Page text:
In designing this collaboration, Snyder said he took inspiration from images of Arnold Palmer and other midcentury stars of the sport, “when golf had amazing style.” Macklemore, too, has cited Palmer as a style icon.
Nearly 70 years later, Palmer’s bright polos and pants combos are still what comes to mind when many imagine “golf fashion.” It wasn’t the sport’s first fashion moment, nor the last, however. Golfers helped popularise René Lacoste’s polos in the 1930s, as a way to beat the heat while adhering to course dress codes demanding collared shirts. Woods and other PGA Tour golfers in the 1990s and 2000s embraced performance wear and tighter, athletic fits.
“In golf fashion, history repeats itself,” said Marty Hackel, Golf Digest’s longtime fashion editor, who now runs Golf Guidance Group, a consultancy. “There were always style icons in golf from the day golf began. There’s always someone that knows how to carry themselves.”
Golf’s latest fashion renaissance is mostly coming from outside its professional ranks, however. That’s in contrast to tennis, where Serena Williams sets trends and has her own fashion line, or the NBA and NFL, whose stars regularly appear on the cover of GQ and other style mags.
The sport has a conservative streak, especially at the elite level. PGA Tour golfers play a circuit of storied, tradition-bound courses, sometimes attached to country clubs where strict dress codes still reign. Koepka or Hatton might bring a bit of flair to the course from time to time, but wearing Bogey Boys or Eastside Golf at Augusta National would be a bold statement.
“A lot of people are starting to wear hoodies on the golf course,” said Alex Lundy, a 33-year-old golfer from Manchester. “I think it’ll cause a lot of conflict within golf clubs between older members and new members.”
And in a game that’s still overwhelmingly white at the top level, today’s streetwear culture isn’t an easy fit. Only a few PGA Tour players are Black (and Woods’ future playing career is in doubt after he sustained serious injuries in a car crash earlier this year). Eastside’s Cooper said among his fellow 28,000 PGA Professionals, the certification most courses and schools require for trainers, fewer than 200 are Black.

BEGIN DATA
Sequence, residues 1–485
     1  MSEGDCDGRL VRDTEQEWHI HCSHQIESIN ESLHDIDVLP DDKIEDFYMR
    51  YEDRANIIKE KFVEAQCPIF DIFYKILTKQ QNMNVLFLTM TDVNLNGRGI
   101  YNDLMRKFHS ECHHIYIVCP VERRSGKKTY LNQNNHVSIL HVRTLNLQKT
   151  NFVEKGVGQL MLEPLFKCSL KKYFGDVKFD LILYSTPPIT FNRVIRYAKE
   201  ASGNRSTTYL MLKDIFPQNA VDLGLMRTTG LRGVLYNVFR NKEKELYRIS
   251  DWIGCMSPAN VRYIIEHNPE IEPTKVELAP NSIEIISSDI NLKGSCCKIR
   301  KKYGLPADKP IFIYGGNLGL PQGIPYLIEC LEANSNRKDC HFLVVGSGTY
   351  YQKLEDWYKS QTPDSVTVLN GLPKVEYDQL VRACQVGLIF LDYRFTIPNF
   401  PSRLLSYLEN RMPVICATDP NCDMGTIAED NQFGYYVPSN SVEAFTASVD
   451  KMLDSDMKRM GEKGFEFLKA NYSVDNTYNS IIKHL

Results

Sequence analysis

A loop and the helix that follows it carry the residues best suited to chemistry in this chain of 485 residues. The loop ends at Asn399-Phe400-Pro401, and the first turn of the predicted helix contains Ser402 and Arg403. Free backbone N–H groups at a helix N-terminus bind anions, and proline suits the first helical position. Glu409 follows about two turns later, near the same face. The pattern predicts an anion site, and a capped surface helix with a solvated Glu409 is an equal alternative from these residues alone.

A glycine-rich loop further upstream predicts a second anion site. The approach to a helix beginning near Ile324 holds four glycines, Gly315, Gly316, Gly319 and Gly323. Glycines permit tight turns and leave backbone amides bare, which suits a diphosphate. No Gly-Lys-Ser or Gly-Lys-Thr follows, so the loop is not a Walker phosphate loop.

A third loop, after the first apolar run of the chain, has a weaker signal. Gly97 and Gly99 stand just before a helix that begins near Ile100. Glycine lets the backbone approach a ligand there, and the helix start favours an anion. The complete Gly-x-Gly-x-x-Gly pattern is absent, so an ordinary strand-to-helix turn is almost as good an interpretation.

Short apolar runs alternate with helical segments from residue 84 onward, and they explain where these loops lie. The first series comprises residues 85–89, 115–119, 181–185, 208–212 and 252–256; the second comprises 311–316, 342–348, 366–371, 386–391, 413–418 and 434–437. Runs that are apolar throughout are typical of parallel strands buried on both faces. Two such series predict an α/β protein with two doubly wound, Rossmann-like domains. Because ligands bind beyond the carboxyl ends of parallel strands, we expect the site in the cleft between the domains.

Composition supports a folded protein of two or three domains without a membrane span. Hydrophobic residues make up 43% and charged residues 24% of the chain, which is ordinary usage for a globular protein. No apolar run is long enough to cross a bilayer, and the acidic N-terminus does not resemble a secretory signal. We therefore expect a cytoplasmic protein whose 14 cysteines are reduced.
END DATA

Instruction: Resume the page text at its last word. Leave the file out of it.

“No one has been able to infuse the hip hop culture ... within the world of golf in an authentic way,” he said. “There’s no reference point.”
Women have also struggled for inclusion; only a quarter of US golfers are female, according to the National Golf Federation, a trade group, and players on the LPGA tour have fought for equal prize money for years. While some brands target female golfers with style, including Foray Golf which sells matching polos and skirts in bold, floral prints, most of the new labels are aimed at men.
The sport is slowly becoming more diverse. Over 25 percent of players under 18 are non-white, compared with 6 percent in 2000, according to the National Golf Federation. In the year ending May 2019, golf apparel sales to non-white customers rose 26 percent, while sales to white customers fell 16 percent, according to NPD Group.
The pandemic may be helping golf fashion find a new audience. Golfers often buy apparel in specialty shops, often located on the course itself, or sporting goods stores. Many were closed at times over the last year, leveling the playing field for brands like Manors and Eastside Golf.
“Because those stores were closed [customers’] first impressions of golf brands suddenly was what they found on Instagram,” said Manors’ Regan.
For now, it’s mostly recreational players like Lundy who are sporting the new brands on the course. Few, if any, PGA Tour players have endorsement deals with streetwear-inspired labels. For emerging golf brands, the current moment is more about opening players’ minds about new possibilities.
“You can be yourself while on a golf course,” Eastside’s Ajanaku said. “You don’t have to be in a box.”
-M.C. Nanda contributed to this article.